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July 23, 2008

 

Wal-Mart project waits on DOT permit

State expected to issue permit soon to widen Route 13, add light, realign Bennie Road

By EVAN GEIBEL
Staff Reporter
egeibel@cortlandstandard.net

Although the grassy parcel off Route 13 in Cortlandville does not yet look any different, the Wal-Mart Supercenter project planned for the site continues to move forward.
The big box store chain is working with the state Department of Transportation to ensure that Route 13 stays accessible after the store opens and traffic increases.
Wal-Mart Public Affairs Senior Manager Philip Serghini said Tuesday that the traffic situation required mitigation, for which the company’s engineering firm — Rochester-based APD Engineering — is designing and seeking permit approval from the DOT.
Route 13 would have to be widened to accommodate Wal-Mart’s access to the highway, and a traffic signal would also be installed.
The road will be widened by about 30 feet along an approximately 1,500-foot stretch on its eastern side extending north from just past the reconfigured Bennie Road intersection to the Cortlandville Crossings mall. It will also be widened 30 feet along an 880-foot strip on its western side.
The access road to the 33.7-acre parcel of land would eventually become Bennie Road’s entrance onto Route 13, once the existing Bennie Road is cut off from Route 13 because of its unsafe proximity to South Cortland-Virgil Road.
“The developer has to cover the expense of keeping that road (Route 13) accessible, in spite of the increased traffic,” DOT spokesman Josh Ribakove said Tuesday, indicating that Wal-Mart would foot the cost of the improvements.
The expansion of Route 13 would be separate from the DOT’s improvements to Route 281 that are currently under way.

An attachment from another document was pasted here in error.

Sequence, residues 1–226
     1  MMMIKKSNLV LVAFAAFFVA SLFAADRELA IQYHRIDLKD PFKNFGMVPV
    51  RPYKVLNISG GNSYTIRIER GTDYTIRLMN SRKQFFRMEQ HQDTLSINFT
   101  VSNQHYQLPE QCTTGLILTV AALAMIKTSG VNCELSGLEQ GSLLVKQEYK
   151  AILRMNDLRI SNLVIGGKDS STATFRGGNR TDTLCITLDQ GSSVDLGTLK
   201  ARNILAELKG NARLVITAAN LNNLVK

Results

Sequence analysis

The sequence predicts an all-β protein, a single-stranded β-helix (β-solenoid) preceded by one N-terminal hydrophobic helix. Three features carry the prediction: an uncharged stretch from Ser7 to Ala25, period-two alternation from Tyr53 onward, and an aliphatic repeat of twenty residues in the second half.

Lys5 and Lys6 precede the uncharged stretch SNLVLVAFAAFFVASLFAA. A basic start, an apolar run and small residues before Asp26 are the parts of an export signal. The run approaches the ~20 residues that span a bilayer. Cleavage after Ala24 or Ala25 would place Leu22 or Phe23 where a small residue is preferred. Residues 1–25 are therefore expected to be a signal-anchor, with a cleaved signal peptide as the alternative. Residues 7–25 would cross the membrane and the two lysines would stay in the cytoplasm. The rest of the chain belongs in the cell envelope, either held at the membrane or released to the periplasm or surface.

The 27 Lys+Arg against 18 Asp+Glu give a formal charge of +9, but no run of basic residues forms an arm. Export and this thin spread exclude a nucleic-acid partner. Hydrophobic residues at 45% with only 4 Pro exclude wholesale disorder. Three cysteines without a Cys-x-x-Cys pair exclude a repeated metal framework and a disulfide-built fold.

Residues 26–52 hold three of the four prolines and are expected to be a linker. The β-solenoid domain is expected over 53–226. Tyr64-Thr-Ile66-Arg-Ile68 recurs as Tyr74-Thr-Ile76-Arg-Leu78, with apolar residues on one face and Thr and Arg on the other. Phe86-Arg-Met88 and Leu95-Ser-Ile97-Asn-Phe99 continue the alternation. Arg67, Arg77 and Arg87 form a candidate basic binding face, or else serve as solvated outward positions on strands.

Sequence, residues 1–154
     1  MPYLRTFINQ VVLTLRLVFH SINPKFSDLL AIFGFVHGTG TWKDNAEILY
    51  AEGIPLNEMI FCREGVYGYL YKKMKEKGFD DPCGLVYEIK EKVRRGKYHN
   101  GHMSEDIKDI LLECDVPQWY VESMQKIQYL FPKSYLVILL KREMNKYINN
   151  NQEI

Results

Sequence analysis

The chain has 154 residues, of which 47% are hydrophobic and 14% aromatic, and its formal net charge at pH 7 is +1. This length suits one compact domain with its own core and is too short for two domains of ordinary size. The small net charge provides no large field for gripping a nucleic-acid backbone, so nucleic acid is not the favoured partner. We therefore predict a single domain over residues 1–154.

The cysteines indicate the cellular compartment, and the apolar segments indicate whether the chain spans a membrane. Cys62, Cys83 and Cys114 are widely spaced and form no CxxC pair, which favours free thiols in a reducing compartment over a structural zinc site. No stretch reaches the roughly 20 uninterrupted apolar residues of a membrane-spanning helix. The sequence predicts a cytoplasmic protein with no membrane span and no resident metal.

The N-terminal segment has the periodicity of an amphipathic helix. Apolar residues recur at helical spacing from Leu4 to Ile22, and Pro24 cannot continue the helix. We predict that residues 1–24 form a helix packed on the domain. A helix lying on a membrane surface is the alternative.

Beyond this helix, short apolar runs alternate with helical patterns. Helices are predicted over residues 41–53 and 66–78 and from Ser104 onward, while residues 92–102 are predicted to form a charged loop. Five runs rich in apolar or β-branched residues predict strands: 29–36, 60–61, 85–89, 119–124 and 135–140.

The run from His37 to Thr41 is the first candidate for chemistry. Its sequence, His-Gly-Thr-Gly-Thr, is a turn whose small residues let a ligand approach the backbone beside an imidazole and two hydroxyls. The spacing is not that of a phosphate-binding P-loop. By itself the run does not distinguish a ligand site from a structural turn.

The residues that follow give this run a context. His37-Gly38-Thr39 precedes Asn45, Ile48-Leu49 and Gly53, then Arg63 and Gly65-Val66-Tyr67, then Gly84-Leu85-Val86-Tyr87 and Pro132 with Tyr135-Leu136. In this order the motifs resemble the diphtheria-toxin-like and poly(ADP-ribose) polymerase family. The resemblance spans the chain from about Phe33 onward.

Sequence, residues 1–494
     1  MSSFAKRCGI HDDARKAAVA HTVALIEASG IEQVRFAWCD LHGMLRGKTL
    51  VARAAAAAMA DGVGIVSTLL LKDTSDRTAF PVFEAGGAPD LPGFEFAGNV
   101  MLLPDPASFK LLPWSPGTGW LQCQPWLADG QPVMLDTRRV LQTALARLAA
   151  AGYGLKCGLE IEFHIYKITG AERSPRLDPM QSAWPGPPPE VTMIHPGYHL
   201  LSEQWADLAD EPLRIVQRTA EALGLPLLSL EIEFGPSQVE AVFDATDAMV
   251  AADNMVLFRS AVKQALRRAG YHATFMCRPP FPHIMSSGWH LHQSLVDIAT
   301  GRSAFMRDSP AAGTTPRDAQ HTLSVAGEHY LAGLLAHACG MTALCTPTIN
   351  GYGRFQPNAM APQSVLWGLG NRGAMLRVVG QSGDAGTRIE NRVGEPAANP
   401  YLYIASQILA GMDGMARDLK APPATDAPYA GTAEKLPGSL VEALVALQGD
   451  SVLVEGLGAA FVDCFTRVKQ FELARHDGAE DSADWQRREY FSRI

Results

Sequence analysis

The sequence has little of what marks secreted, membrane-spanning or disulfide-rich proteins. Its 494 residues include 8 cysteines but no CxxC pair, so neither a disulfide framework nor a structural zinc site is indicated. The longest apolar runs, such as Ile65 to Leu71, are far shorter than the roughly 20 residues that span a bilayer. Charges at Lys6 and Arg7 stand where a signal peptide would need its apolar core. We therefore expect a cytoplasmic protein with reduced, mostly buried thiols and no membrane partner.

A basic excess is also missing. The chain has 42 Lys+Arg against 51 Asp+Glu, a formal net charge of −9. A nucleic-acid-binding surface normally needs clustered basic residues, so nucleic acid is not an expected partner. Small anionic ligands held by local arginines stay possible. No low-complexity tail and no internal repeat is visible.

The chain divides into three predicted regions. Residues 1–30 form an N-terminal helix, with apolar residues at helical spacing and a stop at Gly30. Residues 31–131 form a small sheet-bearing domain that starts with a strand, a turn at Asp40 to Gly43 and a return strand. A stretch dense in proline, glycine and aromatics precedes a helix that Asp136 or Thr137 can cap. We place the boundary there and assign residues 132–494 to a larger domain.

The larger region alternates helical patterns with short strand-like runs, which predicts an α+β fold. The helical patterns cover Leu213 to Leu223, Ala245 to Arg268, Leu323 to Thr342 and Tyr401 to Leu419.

Ribakove said that the DOT has been meeting with Wal-Mart and that the issuance of a permit is “very close,” and the DOT does not anticipate any difficulties.
The 205,000-square-foot Wal-Mart Supercenter has been under development for about eight years, owing to opposition for locating the store on what many consider to be a sensitive recharge area for the Preble-Homer-Cortland Aquifer.
The town of Cortlandville granted its final approval last August, and the next day Sixth Judicial District Supreme Court Justice Ferris Lebous dismissed a lawsuit brought against the town and the store chain by the local environmental group Citizens for Aquifer Protection and Employment.
If not for the DOT’s concerns, the project would have gone out to bid earlier this summer.
Serghini has said that after the contractor has been hired, it takes about one year from the start of construction for the Supercenter to be completed.
Following a slow down in Wal-Mart’s aggressive growth last year, the company has begun to rein in its expansion domestically. Serghini acknowledged that fact in an e-mail.
“And, this year, all projects were reviewed to determine whether or not to proceed, including in Cortlandville,” Serghini wrote. “However, the company decided that it would proceed with that project.”
Projects in New York that were halted included the development of Wal-Mart Supercenters in Oswego and Bath.
However, the company is seeking an expansion of the existing Wal-Mart in Ithaca, to a Supercenter.
Due to the opposition, Cortlandville’s review of the Wal-Mart Supercenter proposal — which includes two roughly 1-acre parcels to be developed separately — was extensive, with the town demanding an advanced stormwater management system and environmentally-friendly store policies.
The exterior facade of the store would also be customized, as per the town Planning Board’s wishes. The face of the building will be broken up by several different mini-facades.
Wal-Mart owns the land for the Cortlandville Supercenter. The existing Wal-Mart store to the north on Route 13 has been purchased by the Lowe’s Home Improvement chain, which plans to demolish the existing Wal-Mart and build a new store on that site once the Wal-Mart Supercenter has opened.
The Lowe’s proposal is stalled with the town Planning Board, which has concerns with the proposed lot coverage.

 

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